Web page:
Table of Contents

Detailed Analysis

I. Introduction

Introductory Material

A. Background

B. Legislative Response

1. Value of Deferral

2. Enactment of Foreign Personal Holding Company Rules

3. Similarity to Personal Holding Company Rules

4. Interplay of Foreign Personal Holding Company Rules with Other Limitations on Deferral

a. Foreign Personal Holding Company Rules and Subpart F

b. Passive Foreign Investment Companies

5. Repeal of Foreign Personal Holding Company Rules

II. Definition of a Foreign Personal Holding Company

Introductory Material

A. "Foreign Corporation"

B. Stock Ownership Test

1. In General

2. Determining Value Owned

3. Indirect Ownership

4. Constructive Ownership

a. General

b. Statutory Attribution Scheme

(1) Rule 1: Entity Attribution

(a) Attribution from Corporations

(b) Attribution from Partnerships

(c) Attribution from Trusts

(d) Attribution from Estates

(2) Rule 2: Family and Partnership Attribution

(a) Attribution from Family Members

(b) Attribution from Partners

(3) Rule 3: Option Ownership

(4) Reattribution of Constructively-Owned Stock

(5) Overlapping Option Ownership and Family Attribution

(6) Convertible Securities

c. Nonresident Aliens Becoming U.S. Residents

C. Gross Income Test

1. Threshold Percentage

2. Definition of "Gross Income"

a. General

b. Income Exempted by Tax Treaty

c. Dividends Excluded under Section 959

d. Related-Party Dividends and Interest

e. Gross Income Includes Certain Income of Lower-Tier Foreign Personal Holding Company

(1) Amount Included

(2) Dividend Treatment

D. Exceptions to Foreign Personal Holding Company Status

1. Tax-Exempt Organizations

2. Foreign Banks

III. Foreign Personal Holding Company Income

Introductory Material

A. Dividends, Interest, Royalties, and Annuities

1. Dividends

2. Interest

3. Look-Through Rules for Certain Interest and Dividends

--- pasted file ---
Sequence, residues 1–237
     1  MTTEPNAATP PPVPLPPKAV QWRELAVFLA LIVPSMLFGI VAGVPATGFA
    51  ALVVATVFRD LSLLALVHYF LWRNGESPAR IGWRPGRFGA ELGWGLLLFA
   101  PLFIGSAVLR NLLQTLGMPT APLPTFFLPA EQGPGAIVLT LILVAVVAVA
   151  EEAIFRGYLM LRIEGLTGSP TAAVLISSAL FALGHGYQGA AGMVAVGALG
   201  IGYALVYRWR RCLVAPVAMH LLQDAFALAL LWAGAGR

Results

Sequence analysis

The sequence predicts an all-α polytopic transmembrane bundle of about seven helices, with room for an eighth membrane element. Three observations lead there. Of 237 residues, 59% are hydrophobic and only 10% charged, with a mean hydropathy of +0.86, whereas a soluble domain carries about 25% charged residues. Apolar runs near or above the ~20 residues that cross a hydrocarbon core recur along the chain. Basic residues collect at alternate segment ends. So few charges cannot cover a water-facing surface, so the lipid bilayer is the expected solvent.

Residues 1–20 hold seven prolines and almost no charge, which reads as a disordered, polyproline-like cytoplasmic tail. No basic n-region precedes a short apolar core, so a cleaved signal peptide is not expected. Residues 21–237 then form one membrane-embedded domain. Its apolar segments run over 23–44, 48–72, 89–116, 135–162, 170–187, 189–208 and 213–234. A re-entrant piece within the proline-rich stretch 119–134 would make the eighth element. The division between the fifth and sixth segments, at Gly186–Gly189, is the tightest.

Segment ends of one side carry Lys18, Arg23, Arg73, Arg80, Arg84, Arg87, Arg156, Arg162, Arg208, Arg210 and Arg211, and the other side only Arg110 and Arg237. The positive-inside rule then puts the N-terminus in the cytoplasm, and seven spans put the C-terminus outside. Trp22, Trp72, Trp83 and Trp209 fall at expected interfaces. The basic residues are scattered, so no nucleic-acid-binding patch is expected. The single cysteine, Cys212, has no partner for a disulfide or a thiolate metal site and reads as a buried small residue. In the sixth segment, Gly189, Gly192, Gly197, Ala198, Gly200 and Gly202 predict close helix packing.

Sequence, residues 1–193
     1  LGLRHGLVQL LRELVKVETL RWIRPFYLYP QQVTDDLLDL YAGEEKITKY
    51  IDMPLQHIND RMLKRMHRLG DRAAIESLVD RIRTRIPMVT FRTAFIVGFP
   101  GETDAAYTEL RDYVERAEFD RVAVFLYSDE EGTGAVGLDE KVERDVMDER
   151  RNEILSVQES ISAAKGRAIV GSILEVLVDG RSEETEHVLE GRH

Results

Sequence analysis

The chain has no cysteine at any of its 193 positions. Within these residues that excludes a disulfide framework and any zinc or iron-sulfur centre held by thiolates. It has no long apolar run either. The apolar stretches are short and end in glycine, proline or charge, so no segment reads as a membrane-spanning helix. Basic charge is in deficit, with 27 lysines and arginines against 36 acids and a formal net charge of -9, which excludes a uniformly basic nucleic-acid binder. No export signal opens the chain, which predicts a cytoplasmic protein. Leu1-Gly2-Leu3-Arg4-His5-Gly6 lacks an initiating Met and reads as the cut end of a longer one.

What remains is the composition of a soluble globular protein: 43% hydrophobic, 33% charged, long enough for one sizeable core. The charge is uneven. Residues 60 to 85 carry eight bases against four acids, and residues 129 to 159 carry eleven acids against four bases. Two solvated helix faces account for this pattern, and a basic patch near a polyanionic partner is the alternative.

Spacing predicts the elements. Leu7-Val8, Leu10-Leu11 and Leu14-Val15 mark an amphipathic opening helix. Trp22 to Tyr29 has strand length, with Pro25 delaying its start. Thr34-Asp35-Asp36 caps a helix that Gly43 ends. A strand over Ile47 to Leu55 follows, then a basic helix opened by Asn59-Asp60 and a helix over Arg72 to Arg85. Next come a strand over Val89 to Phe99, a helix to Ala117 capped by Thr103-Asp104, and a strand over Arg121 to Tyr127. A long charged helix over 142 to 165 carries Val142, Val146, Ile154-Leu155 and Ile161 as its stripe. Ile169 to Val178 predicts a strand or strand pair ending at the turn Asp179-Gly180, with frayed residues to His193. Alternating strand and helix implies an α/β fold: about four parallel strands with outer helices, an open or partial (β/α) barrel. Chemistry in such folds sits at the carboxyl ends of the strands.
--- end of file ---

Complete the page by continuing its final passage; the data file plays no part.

a. General

b. Previous Law

c. Same-Country, Related Person

(1) General

(2) Related Person

4. Royalties

5. Annuities

B. Stock and Securities Transactions

C. Commodity Transactions

D. Estates and Trusts

E. Personal Service Contracts

F. Use of Corporation Property by Shareholders

G. Rents

IV. Taxation of U.S. Shareholders

Introductory Material

A. Deemed Dividend Distribution

1. General

a. Definition of "U.S. Shareholder"

b. Special Indirect Ownership Rule

(1) General

(2) Different Classes of Stock

(3) Regulations to Prevent Double Taxation

2. Deemed Dividend Amount

a. General

b. Multiple Classes of Stock

c. Partial-Year Foreign Personal Holding Company Status

(1) Statutory Provisions

(2) The Marsman Case

d. Restrictions on Actual Dividends

B. Undistributed Foreign Personal Holding Company Income

1. Taxable Income Minus Dividends Paid

a. General

b. Undistributed Foreign Personal Holding Company Income of Lower-Tier Foreign Personal Holding Company

2. Adjustments to Taxable Income

a. Taxes

b. Charitable Contributions

c. Dividends-Received and Other Special Corporate Deductions

d. Net Operating Losses

e. Expenses and Depreciation Applicable to Property

3. Computation of Undistributed Foreign Personal Holding Company Income

4. Dividends-paid deduction

a. General

b. Definition of Dividend